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The Punjab narrative

The Punjab government announced March 14, 2022 as the official ‘Punjabi Culture Day’ which was celebrated in the entire Punjab province. Students were asked to dress up in a Punjabi attire to celebrate this day. For the first time in the history of Pakistan, in this year, this day was celebrated at the official level.

The irony is that ‘The Punjab Narrative’ is being imposed on the entire population across Punjab irrespective of the fact that there may be other non-Punjabi speakers residing in the province too. This official message conveyed by the ruling elite is rather misleading. This symbolizes not only the rejection of the democratic right and proposal for the bifurcation of Punjab on ethno-linguistic grounds, but is also misleading for the youth who are compelled to learn and practice the Punjab narrative. Furthermore, this effort to strengthen the Punjab narrative has support from the elitist circles of Lahore. This includes those who deliberately organize literary gatherings to promote a dialogue about ‘Sanjha Punjab’, ‘vusda rahay Punjab’ and opening Kartarpur corridors [sic] without receiving criticism from any quarters. Whereas similar activities by other cultural groups may be a matter of concern for them.

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‘Siraiki Culture Day’ is celebrated in Siraiki vusaib for the past few years without any state recognition. Such an event organized in the region struggling for the acceptance of an identity is significant. For local people, it is important to celebrate cultural identity to create an understanding of cultural history rather than opposing any other ethnic, linguistic identity within or beyond Punjab. This was evident during the recent annual event of ‘Siraiki Ajrak Festival’ organized at Bahauddin Zakariya University by Siraiki Student Council on March 3, 2022 which invited youth from all the provinces and regions of Pakistan. The event was followed by ‘Siraiki Culture Day’ organized at Multan Arts Council on March 6, 2022.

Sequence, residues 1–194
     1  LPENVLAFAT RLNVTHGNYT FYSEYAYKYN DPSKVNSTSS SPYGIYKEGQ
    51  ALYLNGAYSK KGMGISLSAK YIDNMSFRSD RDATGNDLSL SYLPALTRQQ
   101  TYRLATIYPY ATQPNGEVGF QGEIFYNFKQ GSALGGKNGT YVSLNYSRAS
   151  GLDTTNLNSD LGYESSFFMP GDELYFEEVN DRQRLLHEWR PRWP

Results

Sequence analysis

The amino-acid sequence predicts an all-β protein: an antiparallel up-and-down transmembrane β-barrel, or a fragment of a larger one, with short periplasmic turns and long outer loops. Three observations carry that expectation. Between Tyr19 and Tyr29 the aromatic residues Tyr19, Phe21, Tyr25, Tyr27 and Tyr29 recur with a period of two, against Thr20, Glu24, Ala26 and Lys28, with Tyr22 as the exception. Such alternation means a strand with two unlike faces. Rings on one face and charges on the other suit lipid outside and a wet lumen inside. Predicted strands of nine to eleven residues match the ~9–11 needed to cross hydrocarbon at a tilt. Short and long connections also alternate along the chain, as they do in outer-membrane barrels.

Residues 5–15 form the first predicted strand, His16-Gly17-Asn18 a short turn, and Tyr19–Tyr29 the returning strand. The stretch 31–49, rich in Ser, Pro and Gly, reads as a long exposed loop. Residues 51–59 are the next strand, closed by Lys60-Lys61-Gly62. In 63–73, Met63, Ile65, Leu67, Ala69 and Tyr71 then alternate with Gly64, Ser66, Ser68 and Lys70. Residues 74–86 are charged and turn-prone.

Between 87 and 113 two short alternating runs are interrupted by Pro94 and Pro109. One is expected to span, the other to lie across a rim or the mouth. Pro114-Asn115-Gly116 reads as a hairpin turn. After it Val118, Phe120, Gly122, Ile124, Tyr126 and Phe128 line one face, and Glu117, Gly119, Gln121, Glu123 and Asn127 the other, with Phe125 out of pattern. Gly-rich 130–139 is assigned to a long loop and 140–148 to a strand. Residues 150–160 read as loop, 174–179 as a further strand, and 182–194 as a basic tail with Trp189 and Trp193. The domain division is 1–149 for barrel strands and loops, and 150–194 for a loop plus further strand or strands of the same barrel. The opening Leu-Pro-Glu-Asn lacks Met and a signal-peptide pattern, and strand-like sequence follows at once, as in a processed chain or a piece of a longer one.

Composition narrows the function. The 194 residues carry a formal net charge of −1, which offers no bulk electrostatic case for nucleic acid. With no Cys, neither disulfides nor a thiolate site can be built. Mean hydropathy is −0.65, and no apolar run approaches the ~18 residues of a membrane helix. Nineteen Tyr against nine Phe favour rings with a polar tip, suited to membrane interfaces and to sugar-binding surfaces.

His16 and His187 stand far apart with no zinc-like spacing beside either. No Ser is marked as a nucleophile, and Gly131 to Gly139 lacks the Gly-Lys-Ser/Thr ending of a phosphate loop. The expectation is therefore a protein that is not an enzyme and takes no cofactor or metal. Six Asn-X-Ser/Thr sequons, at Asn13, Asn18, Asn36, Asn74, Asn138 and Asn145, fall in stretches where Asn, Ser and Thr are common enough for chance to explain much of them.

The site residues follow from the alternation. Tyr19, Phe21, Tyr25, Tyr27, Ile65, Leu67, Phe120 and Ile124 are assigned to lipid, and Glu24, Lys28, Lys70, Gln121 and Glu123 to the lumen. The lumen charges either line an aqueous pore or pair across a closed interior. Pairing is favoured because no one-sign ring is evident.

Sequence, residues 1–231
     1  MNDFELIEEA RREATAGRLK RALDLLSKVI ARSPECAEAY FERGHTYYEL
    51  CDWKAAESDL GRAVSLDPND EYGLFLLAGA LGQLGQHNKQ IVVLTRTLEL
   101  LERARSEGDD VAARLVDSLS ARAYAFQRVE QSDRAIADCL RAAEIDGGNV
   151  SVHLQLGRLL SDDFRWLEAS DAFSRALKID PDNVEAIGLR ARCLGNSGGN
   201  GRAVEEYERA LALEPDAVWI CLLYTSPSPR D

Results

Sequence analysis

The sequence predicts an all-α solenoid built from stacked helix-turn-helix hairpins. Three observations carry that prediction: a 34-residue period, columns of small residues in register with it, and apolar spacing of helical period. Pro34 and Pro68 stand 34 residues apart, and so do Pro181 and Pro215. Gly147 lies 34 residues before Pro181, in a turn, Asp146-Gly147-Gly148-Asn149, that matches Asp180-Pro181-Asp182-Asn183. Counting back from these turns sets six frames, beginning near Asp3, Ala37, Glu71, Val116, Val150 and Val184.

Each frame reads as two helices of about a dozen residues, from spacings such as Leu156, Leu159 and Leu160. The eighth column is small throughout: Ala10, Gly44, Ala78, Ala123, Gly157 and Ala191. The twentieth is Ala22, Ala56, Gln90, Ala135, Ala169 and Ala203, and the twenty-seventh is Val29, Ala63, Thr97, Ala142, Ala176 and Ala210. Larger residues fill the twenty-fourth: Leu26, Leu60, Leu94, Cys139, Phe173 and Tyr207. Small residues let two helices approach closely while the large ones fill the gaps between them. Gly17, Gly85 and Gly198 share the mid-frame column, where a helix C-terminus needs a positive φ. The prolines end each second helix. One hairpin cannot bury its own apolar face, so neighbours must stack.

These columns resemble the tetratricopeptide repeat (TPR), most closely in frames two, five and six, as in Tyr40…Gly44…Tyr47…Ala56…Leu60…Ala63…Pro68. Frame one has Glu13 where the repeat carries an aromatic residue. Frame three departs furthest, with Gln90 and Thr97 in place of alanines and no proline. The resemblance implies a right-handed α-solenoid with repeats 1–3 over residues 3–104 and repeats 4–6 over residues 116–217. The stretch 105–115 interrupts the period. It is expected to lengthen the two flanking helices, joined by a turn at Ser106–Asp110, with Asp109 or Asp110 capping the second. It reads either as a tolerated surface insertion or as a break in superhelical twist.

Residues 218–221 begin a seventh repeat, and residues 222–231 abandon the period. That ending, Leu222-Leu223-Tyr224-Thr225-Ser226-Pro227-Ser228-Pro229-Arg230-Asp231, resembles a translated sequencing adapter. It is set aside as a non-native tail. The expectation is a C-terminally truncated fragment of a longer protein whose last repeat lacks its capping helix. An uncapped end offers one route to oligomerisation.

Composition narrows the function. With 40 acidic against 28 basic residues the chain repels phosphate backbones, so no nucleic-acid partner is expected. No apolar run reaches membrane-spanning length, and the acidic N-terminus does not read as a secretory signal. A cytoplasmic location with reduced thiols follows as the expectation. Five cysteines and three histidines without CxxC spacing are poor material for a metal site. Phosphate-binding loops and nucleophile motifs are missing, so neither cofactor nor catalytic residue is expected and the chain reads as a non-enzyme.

The issue is not why ‘Punjabi Culture Day’ is organized by the Punjab government this year, but why other identities existing within the same province do not receive any state acknowledgement and such official support. A language (read holistically as identity) that faces an official bias reflects through the partial acceptance of Siraiki being taught at the state colleges and institutions like Bahauddin Zakariya University (Multan) and Islamia University (Bahawalpur). However, the graduates (MA/MPHIL Siraiki) continue to search for jobs and find themselves constrained by lack of opportunities locally. Hence, they are compelled to face internal migrations in search of professional opportunities. They are rarely selected for the CSS exams and there is no job quota for the local graduates.

A language which has no state patronage, no corpus and language planning, no literary boards, has a grim future if the local intellectuals do not privately produce rich literature. Celebrating their culture and identity (Ngugi) becomes inevitable because their well acknowledged writers are listed under the umbrella of Punjabi literature in many anthologies published officially, for instance, by Academy of Letters. Despite rich research on Siriaki language, culture and identity, the local academics have no agency within the broader academic and literary discourse of Pakistan, let alone, Punjab. This is a sorry scene and sufficient reason for pondering over the official announcement about the ‘Punjabi Culture Day’ this year.

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This situation is well articulated by a journalist who wrote: “Facebook is saturated with pictures of every government official wearing a pug (head gear) and Punjabi kurtas – celebrating ‘Punjabi Culture Day’ – gifted to them by a Siraiki speaking Chief Minister…” (translated from Ahsan Raza’s social media post on March 15, 2022). The irony is that even the CM refuses to own his origins mainly to avoid the political controversies and primarily to endorse and represent the Punjab narrative. In this context, CM Buzdar’s stance means owning the Punjab narrative instead of being concerned about the political suppression of vusaib (where he belongs). This has been the case with many elected Siraiki parliamentarians cashing the vote bank from their local constituencies during elections while supporting the Punjab narrative after getting elected. This list is too long to be discussed here.

The crumbling government institutions, the incompetent policy makers, disregard for public aspirations, the social hierarchies, the economic and political control of the ruling class elite that has always suppressed the voices that reflect cultural diversity in Pakistan are the factors that have historically strengthened the Punjab narrative and continue to do so. The fact of the matter is that such propaganda does not reflect a democracy in a country that needs to celebrate the diversity of all the diverse cultures existing within Pakistan. It is time to reflect on the neo-colonial self-imposed hegemony of the Punjab narrative!

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